A TCM practitioner will ask you questions about your emotional and mental life, as well as your physical symptoms. Knowing whether you are indecisive or have an explosive temper may help him determine what type of gallbladder trouble you’re having, for example. He or she may also take your pulse several times, once for each internal organ, and check the color and texture of your tongue, and then craft a customized treatment designed to enhance your overall health, rather than zeroing in on an infection or injury.
In most cases, your practitioner will use acupuncture to stimulate certain points along your body’s energy meridians to bring your qi (“chee” or life force energy) back into balance. But he might also apply small mounds of burning herbs (a technique called moxibustion) or suction cups (cupping), or use deep tissue massage. Then he may prescribe a combination of herbs and other ingredients designed to correct whatever imbalances he thinks are causing your troubles. Typically, you’ll brew these herbs into a strong-tasting tea, or they may come in pill or extract form. Finally, your practitioner may recommend that you try practicing Qigong or T’ai Chi – slow, gentle martial arts that combine breathing, movement, and meditation to balance and strengthen your qi.
The philosophy of Traditional Chinese Medicine is preventive in nature and views the practice of waiting to treat a disease until the symptoms are full-blown as being similar to “digging a well after one has become thirsty.” In compliance with this, TCM makes a point of educating the patient with regard to lifestyle so that the patient can assist in his or her own therapeutic process. The TCM practitioner educates the patient about diet, exercise, stress management, rest and relaxation.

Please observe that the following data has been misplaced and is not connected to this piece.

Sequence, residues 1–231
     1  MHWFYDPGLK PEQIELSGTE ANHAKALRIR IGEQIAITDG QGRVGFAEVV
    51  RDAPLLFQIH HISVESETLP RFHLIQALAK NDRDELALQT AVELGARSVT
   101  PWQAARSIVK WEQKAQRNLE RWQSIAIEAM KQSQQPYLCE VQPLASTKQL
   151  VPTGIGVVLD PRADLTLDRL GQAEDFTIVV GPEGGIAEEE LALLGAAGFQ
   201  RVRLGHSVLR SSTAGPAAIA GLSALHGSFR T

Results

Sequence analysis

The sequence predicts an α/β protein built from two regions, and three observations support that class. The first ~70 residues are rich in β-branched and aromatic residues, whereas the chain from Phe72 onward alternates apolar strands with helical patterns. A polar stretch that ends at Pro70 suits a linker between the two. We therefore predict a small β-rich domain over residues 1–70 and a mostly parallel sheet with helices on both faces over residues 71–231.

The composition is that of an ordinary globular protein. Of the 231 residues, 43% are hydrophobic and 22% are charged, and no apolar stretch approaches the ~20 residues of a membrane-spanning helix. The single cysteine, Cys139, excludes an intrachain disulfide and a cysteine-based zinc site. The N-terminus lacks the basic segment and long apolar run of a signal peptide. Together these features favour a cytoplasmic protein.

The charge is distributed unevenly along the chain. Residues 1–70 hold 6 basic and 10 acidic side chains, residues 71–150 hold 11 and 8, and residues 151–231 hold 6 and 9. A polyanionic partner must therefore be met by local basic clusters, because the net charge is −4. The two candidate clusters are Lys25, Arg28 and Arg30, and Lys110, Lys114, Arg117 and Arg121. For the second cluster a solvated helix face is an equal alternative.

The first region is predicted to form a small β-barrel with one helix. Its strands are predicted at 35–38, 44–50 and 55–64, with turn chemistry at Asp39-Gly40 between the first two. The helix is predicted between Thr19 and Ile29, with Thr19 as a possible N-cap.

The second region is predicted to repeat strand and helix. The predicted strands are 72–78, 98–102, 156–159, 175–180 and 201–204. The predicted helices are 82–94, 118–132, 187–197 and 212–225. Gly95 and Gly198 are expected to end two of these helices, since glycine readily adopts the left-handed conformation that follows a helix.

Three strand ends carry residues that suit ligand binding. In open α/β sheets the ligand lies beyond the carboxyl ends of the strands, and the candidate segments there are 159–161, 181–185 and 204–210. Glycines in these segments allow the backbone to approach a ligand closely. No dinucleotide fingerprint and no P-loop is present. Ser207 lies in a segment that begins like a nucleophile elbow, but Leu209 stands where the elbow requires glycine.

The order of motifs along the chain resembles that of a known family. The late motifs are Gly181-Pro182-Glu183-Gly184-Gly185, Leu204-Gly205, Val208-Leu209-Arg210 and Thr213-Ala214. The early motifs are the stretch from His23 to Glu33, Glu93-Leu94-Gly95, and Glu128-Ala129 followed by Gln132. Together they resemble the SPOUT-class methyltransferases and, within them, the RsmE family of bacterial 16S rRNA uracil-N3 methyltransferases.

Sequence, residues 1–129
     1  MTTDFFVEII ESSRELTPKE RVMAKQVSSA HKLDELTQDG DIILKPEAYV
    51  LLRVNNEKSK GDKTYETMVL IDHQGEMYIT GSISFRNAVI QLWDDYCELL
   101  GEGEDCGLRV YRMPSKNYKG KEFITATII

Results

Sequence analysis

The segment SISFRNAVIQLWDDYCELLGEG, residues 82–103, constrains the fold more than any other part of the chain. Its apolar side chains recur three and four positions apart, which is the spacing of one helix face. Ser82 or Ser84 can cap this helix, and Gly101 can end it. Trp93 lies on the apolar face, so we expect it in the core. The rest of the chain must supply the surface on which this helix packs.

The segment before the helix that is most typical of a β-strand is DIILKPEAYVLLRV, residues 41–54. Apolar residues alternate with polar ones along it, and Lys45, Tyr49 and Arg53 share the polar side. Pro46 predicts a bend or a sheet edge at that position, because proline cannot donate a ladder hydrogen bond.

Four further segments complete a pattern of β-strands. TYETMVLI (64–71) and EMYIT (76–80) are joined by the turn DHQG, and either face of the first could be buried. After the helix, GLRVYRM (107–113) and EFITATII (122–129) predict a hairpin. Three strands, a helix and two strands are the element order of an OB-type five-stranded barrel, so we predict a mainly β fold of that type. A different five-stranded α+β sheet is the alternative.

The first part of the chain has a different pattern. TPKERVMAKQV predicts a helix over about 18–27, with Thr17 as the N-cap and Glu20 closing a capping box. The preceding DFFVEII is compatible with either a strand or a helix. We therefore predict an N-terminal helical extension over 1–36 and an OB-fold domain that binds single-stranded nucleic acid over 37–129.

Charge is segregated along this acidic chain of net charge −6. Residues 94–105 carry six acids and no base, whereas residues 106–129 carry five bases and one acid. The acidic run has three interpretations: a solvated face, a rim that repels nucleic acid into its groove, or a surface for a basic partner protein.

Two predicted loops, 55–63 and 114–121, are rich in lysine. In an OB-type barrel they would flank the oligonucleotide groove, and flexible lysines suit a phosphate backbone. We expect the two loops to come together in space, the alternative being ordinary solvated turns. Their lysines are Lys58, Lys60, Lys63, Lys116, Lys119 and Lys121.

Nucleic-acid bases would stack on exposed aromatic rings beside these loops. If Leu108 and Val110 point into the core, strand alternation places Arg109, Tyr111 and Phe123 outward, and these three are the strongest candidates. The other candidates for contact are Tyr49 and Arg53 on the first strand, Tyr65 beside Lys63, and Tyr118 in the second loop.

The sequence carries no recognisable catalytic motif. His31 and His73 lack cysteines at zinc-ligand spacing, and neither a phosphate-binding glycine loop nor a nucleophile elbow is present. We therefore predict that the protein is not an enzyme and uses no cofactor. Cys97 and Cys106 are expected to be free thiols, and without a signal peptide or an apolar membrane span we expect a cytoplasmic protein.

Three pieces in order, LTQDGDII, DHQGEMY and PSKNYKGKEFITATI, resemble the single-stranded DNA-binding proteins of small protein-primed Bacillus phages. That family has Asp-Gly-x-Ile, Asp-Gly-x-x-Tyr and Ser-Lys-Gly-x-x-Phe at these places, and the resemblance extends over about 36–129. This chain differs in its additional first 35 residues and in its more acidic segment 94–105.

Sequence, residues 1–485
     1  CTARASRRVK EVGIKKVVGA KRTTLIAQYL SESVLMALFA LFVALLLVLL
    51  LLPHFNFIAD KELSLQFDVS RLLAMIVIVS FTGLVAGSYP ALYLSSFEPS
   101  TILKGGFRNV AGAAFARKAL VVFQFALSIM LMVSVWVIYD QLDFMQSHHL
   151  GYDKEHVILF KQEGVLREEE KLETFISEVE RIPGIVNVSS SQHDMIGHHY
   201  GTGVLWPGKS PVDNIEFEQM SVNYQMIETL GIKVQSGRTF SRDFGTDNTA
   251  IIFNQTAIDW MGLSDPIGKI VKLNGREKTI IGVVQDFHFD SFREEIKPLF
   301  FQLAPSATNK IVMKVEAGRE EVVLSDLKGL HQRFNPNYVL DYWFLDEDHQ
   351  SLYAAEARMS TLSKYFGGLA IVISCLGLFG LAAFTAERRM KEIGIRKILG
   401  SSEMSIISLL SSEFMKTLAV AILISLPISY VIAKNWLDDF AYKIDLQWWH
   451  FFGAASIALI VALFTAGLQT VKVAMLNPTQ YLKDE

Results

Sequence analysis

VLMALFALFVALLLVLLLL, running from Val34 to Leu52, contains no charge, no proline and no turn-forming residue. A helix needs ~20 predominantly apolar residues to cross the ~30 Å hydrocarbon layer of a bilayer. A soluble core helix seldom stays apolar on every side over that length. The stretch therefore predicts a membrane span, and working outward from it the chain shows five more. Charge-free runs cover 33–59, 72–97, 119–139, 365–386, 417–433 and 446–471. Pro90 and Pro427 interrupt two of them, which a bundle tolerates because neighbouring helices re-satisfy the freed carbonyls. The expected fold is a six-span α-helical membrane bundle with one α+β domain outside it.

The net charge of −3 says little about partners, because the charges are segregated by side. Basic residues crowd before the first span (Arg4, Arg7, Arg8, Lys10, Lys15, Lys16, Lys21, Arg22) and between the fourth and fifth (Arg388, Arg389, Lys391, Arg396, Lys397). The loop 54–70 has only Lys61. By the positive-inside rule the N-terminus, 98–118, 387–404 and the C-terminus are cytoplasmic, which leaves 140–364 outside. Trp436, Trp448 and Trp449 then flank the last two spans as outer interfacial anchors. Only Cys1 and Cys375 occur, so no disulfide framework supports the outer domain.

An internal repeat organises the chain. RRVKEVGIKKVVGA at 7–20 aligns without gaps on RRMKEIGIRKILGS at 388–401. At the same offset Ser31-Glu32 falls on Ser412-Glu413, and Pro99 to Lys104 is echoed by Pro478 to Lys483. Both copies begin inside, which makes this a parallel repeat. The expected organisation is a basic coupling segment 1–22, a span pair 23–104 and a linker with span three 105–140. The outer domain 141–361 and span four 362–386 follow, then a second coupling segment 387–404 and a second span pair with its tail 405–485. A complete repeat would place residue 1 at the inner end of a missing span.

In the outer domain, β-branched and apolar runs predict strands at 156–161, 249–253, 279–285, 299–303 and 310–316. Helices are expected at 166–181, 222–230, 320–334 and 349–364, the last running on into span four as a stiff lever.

As Traditional Chinese Medicine views the human body as a reflection of the natural world – the part containing the whole – the TCM doctor thinks and speaks in analogies with nature. The flows of energy and fluids in the body are spoken of as channels and rivers, seas and reservoirs. A diagnosis might describe the body in terms of the elements – wind, heat, cold, dryness, dampness. Despite this poetic language, TCM is not a folk medicine, but a professional discipline based on a complete system of thought.
The terms yin and yang are used by the TCM practitioner to describe the various opposing physical conditions of the body. These terms stem from a basic Chinese concept describing the interdependence and relationship of opposites. Much as hot cannot be understood or defined without first having experienced cold, yin cannot exist without its opposite yang, and yang cannot exist without yin. Together, the two complementary poles form a whole.
During your first visit for acupuncture, the practitioner may ask you at length about your health condition, lifestyle and behavior. The practitioner will want to obtain a complete picture of your treatment needs and behaviors that may contribute to your condition. Inform the acupuncturist about all treatments or medications you are taking and all medical conditions you have.
Acupuncture needles are metallic, solid and hair thin. People experience acupuncture differently, but most feel no or minimal pain as the needles are inserted. Some people feel energized by treatment, while others feel relaxed. Improper needle placement, movement of the patient or a defect in the needle can cause soreness and pain during treatment. This is why it is important to seek treatment from a qualified acupuncture practitioner. Treatment may take place over a period of several weeks or more.